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Arts and Entertainment

South Coast Rep's In the Next Room, or the vibrator play Makes for Stimulating Comedy

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Andrew Borba, Libby West and Rebecca Mozo in SCR's 2010 production of In the Next Room or the vibrator play by Sarah Ruhl. | Photo by Henry DiRocco/SCR.
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In 1880s America, the male-dominated medical establishment, in its dubious wisdom, lumped any number of unrelated ailments suffered by women together as “hysteria,” including anything from depression to irritability to light sensitivity. One of the popular treatments for this condition involved electrical vibration being applied to the patient’s groin, which strangely made the patients feel a lot better. The wonders of science. Sarah Ruhl has written an amusing and entertaining, if a bit slight, play about this subject--In the Next Room, or the vibrator play--revealing that science can misinterpret major physiological things sometimes, and also how men and women can be blind to each other’s needs. The play receives a superb production at South Coast Repertory under Casey Stangl’s direction.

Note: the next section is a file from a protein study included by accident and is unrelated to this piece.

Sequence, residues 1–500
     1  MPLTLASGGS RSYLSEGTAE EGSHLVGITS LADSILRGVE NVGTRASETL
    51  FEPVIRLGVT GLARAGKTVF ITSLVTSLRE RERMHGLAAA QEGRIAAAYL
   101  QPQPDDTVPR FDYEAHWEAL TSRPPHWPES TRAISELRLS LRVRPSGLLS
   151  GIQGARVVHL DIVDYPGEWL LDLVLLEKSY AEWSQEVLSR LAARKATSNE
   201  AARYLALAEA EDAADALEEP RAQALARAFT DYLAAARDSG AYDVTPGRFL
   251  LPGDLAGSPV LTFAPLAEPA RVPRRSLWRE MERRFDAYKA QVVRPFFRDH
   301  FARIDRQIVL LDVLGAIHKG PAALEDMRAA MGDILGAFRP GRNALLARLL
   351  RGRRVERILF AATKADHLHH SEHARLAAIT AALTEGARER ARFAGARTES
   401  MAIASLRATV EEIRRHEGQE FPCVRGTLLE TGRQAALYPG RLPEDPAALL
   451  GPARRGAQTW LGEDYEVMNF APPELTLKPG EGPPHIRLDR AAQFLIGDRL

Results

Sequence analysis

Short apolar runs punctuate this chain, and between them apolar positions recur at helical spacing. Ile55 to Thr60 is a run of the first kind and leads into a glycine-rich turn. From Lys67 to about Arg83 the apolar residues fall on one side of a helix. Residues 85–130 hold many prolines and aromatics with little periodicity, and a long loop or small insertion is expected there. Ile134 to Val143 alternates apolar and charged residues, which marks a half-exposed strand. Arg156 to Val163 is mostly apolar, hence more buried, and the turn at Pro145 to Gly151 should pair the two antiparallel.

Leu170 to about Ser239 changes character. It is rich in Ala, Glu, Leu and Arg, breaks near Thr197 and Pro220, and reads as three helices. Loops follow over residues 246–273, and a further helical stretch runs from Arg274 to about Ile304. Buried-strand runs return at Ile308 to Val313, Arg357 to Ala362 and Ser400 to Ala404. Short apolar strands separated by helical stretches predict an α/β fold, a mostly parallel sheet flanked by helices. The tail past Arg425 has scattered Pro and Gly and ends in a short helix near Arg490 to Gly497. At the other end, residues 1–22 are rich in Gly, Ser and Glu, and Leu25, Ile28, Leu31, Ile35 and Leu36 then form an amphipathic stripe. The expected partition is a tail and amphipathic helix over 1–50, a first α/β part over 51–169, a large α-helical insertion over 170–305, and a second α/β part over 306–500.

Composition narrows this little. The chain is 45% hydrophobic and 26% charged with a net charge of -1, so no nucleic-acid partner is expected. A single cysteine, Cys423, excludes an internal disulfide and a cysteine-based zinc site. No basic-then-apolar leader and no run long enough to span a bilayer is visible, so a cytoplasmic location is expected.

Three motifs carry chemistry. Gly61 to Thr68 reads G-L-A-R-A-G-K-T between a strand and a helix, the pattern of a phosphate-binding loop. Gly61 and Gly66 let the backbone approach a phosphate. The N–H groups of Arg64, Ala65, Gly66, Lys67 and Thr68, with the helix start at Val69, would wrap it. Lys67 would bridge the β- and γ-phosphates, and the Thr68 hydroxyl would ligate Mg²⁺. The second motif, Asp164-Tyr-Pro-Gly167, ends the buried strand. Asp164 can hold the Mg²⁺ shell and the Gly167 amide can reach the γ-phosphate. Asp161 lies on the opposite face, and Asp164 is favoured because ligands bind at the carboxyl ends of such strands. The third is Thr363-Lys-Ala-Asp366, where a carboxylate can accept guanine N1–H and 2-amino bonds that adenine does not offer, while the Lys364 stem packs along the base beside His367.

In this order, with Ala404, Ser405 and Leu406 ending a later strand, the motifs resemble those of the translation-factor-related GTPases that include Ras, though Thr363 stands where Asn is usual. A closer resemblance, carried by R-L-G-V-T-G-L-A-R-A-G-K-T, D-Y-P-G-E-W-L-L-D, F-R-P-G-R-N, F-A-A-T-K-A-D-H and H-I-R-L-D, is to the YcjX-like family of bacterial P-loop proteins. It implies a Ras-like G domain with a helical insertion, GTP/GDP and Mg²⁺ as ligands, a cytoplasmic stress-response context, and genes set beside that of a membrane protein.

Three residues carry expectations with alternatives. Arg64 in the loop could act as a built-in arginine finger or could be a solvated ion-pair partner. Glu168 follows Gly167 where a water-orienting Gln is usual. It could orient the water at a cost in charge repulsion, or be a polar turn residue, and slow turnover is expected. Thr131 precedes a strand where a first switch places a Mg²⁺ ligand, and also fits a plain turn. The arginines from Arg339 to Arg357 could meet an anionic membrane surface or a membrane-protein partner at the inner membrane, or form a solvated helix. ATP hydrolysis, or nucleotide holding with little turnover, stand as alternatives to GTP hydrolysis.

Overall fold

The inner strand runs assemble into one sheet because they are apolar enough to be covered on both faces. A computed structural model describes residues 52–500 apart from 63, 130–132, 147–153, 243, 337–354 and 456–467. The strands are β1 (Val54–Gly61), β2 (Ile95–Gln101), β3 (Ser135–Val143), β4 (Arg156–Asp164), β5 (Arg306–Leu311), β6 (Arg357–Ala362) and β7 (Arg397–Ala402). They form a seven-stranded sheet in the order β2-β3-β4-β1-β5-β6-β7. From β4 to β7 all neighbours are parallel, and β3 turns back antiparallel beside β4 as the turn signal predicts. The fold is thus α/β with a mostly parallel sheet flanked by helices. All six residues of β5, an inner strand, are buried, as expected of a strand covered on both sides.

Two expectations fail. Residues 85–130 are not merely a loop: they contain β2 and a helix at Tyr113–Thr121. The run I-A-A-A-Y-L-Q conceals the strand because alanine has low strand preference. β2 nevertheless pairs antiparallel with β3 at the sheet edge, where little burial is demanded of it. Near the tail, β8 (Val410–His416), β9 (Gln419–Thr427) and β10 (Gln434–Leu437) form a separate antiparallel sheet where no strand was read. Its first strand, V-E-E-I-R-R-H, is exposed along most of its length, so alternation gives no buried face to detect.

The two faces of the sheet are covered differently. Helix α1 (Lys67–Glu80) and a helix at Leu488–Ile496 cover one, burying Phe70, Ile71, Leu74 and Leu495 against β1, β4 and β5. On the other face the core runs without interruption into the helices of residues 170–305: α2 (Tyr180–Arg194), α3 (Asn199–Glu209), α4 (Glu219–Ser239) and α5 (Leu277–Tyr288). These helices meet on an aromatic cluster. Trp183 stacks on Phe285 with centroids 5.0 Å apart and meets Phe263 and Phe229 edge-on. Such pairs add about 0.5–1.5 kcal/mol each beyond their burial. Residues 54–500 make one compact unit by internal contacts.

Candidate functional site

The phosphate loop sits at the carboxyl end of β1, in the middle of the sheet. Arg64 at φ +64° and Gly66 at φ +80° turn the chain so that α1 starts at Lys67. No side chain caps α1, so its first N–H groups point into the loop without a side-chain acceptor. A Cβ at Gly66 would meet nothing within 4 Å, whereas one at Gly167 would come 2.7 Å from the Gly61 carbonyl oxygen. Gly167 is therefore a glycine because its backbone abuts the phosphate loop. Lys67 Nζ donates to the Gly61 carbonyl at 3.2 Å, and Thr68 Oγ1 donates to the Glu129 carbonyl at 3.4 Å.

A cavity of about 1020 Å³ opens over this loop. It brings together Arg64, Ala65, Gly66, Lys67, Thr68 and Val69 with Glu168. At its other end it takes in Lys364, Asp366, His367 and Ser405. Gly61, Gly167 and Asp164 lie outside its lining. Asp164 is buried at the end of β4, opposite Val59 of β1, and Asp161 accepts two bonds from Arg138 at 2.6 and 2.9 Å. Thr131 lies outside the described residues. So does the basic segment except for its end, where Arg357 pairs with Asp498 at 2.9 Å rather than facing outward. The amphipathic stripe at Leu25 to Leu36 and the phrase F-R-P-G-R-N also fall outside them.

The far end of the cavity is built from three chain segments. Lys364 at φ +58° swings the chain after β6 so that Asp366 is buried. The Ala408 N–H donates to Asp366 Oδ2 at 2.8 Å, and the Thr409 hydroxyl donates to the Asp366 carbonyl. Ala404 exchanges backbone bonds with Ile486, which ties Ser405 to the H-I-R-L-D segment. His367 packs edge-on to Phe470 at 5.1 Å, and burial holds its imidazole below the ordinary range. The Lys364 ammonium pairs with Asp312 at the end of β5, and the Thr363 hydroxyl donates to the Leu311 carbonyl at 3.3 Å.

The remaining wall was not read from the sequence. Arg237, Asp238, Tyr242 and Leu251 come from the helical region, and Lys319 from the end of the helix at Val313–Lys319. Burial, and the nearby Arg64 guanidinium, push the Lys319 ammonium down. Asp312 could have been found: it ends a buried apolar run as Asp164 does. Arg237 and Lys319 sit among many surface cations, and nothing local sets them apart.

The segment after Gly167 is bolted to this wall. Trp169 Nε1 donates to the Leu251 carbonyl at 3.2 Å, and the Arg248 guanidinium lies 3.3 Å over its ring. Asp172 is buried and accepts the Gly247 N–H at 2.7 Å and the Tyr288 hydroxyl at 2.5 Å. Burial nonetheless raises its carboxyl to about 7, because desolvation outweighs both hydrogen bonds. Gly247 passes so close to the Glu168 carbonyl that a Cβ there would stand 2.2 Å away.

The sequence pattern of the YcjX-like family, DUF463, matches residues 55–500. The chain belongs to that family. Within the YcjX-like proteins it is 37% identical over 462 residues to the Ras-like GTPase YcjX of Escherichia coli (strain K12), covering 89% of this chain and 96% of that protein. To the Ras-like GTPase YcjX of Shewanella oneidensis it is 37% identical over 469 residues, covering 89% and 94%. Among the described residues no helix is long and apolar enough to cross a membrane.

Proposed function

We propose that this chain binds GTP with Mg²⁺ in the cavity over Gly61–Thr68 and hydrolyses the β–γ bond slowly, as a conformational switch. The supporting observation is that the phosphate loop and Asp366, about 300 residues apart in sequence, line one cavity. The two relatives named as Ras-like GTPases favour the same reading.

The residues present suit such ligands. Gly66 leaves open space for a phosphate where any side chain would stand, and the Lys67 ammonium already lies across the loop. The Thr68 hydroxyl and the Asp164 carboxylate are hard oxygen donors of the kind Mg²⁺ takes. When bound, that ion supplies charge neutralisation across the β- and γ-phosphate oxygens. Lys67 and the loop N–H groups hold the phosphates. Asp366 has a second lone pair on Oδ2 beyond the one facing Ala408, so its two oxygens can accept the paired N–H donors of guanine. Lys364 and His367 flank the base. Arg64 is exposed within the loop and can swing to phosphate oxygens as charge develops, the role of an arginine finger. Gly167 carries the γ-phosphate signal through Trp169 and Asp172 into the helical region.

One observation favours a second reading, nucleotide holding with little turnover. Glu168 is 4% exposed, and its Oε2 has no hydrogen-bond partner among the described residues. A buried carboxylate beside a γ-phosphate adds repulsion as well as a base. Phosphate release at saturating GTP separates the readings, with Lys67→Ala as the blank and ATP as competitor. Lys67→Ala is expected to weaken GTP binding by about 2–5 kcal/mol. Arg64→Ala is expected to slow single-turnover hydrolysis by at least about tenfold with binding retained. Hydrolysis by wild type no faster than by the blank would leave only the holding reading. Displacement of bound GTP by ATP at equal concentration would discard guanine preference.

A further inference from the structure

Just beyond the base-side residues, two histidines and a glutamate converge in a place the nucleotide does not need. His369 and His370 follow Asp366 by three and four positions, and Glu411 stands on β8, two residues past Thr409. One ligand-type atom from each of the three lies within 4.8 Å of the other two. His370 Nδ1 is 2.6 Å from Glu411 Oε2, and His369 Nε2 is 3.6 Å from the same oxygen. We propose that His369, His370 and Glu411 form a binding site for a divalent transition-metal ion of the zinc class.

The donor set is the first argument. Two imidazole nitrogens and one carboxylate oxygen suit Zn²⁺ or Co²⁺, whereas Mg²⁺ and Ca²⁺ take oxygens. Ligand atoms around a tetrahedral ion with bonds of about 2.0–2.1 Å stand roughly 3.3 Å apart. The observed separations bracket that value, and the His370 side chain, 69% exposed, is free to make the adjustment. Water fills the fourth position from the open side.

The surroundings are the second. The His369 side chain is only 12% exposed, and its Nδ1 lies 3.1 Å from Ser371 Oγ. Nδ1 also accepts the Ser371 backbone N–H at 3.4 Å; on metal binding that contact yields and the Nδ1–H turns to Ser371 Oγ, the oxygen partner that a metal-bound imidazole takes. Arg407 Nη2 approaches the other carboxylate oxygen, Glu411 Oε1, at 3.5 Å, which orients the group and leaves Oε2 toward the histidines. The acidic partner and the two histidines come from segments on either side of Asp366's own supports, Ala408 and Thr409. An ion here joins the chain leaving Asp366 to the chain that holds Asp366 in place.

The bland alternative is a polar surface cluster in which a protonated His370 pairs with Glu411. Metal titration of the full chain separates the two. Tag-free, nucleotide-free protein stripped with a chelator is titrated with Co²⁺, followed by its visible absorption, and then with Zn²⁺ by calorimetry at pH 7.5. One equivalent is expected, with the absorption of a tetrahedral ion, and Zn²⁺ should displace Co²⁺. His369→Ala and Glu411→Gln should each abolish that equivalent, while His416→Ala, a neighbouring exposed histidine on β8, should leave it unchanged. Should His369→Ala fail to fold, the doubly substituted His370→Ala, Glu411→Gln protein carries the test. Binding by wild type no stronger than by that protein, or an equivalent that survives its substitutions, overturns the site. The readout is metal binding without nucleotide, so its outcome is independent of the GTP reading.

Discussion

Dr. Givings (Andrew Borba) is amazed by the efficacy of the new vibration treatments he administers to his patients, and is fascinated with electricity in general. The treatment seems to work for both sexes, from unhappy wife Sabrina Daldry (Rebecca Mozo) to frustrated artist Leo Irving (Ron Menzel), and everyone is happy. Everyone, that is, except for Givings’ lonely wife Catherine (Kathleen Early), who’s isolated in the spa town. Her husband genially neglects her in the name of science, but she’s more hurt by her inability to produce sufficient milk to feed her newborn baby, and the child’s seeming preference for her new wet nurse, Elizabeth (Tracey A. Leigh). Most of all, Catherine wonders what’s going on in her husband’s locked examination room—what all those moans and screams are about—and one day she picks the lock and begins to upend her world.